Commentator: What India’s decision to scrap the 2000 rupee note means for the economy

MUMBAI, May 20 (Reuters) – India is withdrawal The central bank announced on Friday that the circulation of the highest denomination notes had been suspended. The 2000 rupee notes, which were introduced into circulation in 2016, will remain legal tender, but citizens are required to deposit or redeem these notes by 30 September 2023.

The decision is reminiscent of a shock move in 2016 when the government led by Narenda Modi lifted 86% of the economy’s currency in circulation overnight.

Analysts and economists, however, expect the move to be less disruptive as lower denominations will be withdrawn for a longer period this time.

Why did the government withdraw the 2000 rupee note?

When the 2000 rupee banknote was introduced in 2016, it was intended to replenish the currency in circulation of the Indian economy quickly after banknotes were demolished.

But the central bank has frequently said it wants to reduce the number of denomination notes in circulation, and has stopped printing 2,000 rupee notes in the past four years.

Explaining its decision to withdraw these notes, the Reserve Bank of India said in a correspondence that “this denomination is not normally used for trading.”

Reuters Graphics

why now?

The government and central bank haven’t given a reason for the move, but analysts say it comes ahead of the country’s state and general elections, when cash use typically surges.

“It’s a smart decision to make this move ahead of the general election,” said Rupa Rege Niture, group chief economist at L&T Finance Holdings. “People who have used these bills as a store of value may face inconvenience,” she said.

Will this adversely affect economic growth?

The 2,000 rupee note in circulation is worth 3.62 trillion Indian rupees ($44.27 billion). This corresponds to approximately 10.8% of the currency in circulation.

“There are enough small-volume banknotes available, so this withdrawal won’t cause much confusion,” he said. “Also, in the last six to seven years, the scope of digital trading and e-commerce has expanded significantly.”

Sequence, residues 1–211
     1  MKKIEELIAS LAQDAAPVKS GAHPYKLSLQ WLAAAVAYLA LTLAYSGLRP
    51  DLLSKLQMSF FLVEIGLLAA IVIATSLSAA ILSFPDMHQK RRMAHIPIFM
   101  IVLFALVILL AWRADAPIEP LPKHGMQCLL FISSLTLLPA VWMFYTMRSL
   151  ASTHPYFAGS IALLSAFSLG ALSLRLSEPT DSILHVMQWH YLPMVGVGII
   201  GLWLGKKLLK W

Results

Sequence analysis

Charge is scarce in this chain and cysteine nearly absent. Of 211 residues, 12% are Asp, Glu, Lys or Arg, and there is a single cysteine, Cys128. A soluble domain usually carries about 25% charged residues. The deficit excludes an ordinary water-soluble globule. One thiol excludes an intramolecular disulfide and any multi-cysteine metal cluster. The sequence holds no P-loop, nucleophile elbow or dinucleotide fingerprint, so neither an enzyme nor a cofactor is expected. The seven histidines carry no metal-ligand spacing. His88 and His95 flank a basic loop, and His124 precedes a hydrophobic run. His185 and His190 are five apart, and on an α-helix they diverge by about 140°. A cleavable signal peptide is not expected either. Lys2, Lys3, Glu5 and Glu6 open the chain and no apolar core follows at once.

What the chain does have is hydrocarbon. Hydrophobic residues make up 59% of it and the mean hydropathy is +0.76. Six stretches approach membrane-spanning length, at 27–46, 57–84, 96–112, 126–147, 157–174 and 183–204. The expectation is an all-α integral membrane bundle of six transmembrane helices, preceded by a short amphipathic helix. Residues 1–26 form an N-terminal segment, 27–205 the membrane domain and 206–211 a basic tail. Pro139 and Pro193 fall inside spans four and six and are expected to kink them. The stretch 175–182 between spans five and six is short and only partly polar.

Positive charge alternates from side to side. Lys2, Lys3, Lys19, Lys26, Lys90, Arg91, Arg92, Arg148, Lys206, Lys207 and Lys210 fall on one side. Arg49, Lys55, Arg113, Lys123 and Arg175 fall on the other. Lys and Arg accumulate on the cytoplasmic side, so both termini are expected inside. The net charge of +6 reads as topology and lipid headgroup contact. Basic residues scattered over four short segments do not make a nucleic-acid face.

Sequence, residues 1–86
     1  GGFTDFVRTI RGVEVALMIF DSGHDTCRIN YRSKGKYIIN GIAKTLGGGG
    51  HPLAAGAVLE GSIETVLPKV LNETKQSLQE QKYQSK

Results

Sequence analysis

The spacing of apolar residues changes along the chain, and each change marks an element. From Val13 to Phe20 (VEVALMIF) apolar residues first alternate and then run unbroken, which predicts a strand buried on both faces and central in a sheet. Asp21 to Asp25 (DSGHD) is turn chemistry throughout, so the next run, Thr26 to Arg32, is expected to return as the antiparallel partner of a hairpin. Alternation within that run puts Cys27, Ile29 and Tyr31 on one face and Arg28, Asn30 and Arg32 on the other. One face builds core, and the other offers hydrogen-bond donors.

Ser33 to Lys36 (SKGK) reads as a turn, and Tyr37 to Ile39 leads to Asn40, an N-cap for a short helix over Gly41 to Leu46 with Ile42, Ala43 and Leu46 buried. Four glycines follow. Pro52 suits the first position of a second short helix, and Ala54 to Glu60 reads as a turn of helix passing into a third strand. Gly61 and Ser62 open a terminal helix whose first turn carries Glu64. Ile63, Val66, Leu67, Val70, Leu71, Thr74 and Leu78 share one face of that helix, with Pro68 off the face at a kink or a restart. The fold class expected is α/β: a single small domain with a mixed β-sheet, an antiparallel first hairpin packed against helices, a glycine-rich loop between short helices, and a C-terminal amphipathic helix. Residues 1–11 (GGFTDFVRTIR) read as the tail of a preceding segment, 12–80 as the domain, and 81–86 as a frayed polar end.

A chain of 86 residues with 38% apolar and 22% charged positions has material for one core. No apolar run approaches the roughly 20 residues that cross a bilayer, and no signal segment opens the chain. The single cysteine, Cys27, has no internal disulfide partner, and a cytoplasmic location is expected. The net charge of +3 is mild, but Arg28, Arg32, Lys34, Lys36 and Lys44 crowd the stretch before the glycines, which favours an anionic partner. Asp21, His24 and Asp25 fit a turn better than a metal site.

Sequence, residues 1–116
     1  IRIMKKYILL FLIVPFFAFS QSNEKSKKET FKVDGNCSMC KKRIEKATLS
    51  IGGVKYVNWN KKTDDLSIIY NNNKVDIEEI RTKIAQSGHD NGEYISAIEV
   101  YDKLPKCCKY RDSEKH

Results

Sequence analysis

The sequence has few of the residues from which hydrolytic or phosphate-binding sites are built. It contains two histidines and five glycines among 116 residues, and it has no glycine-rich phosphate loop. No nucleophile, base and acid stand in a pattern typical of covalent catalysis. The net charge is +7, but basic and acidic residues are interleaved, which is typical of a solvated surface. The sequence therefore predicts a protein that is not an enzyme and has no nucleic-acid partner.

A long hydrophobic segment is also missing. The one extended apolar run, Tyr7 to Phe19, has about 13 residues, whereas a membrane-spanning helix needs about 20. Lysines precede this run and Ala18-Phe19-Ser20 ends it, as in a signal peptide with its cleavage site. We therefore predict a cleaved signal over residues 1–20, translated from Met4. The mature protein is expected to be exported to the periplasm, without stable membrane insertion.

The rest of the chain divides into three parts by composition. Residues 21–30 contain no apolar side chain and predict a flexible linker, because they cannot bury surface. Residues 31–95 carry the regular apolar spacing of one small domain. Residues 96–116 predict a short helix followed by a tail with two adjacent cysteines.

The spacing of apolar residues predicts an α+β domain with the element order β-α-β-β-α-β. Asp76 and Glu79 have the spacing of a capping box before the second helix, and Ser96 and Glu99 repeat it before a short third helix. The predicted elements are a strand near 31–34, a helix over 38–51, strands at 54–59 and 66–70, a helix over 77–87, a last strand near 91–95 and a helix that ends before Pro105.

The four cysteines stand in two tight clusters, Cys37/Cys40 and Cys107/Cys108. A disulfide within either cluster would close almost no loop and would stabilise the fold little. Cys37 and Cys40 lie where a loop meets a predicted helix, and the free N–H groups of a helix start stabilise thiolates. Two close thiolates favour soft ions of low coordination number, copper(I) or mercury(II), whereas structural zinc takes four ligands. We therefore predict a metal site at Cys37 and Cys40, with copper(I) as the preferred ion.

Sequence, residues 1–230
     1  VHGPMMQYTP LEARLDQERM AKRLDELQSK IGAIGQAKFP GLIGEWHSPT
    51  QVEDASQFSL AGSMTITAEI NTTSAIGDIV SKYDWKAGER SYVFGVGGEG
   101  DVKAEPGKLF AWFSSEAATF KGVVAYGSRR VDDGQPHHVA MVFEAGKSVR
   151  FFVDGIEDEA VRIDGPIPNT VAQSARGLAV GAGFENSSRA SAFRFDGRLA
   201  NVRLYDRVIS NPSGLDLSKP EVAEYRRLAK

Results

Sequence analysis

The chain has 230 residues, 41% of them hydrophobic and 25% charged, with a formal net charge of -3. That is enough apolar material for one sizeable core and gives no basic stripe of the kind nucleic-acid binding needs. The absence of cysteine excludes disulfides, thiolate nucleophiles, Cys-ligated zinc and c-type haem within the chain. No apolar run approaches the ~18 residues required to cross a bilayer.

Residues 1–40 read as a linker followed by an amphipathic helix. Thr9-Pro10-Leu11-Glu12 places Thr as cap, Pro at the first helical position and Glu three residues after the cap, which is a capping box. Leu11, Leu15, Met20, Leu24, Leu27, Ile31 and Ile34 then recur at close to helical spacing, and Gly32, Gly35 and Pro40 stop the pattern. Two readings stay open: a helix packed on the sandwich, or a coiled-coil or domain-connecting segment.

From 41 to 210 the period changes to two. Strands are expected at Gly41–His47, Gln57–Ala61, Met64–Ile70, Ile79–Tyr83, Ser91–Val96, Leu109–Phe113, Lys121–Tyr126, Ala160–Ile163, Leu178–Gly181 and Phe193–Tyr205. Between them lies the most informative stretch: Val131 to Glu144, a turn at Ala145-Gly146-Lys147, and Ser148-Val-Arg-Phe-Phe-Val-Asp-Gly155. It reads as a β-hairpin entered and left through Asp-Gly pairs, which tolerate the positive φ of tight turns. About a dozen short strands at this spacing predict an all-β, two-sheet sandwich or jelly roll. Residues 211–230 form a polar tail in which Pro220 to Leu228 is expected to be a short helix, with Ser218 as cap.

But Yubika Singhal, an economist at Quanteco Research, said small businesses and cash-intensive sectors like agriculture and construction could be hit hard in the short term.

Discretionary purchases such as gold could soar as long as people who hold these notes choose to buy them with their notes instead of depositing them in bank accounts, Singhal said.

What are the implications for banks?

Bank deposits will increase as the government asks citizens to deposit banknotes or exchange them for smaller denominations by September 30. This comes at a time when deposit growth has lagged bank credit growth.

Karthik Srinivasan, head of the Financial Sector Ratings Group at rating agency ICRA, said this would ease the pressure on deposit rates to rise.

It will also improve liquidity in the banking system.

“All the 2000 rupee notes will return to the banking system, which will reduce the amount of cash in circulation, which will lead to increased liquidity in the banking system,” said Madhavi Arora, economist at MK Global Financial Services. Stated.

What are the implications for the bond market?

Srinivasan said increased liquidity in the banking system and an influx of deposits to banks could mean that short-term interest rates in the market would fall as these funds would be invested in short-term government bonds. .

(1 dollar = 81.7800 Indian Rupee)

Reported by Ira Dugal.Editing: Jacqueline Wong

Our criteria: Thomson Reuters Trust Principles.

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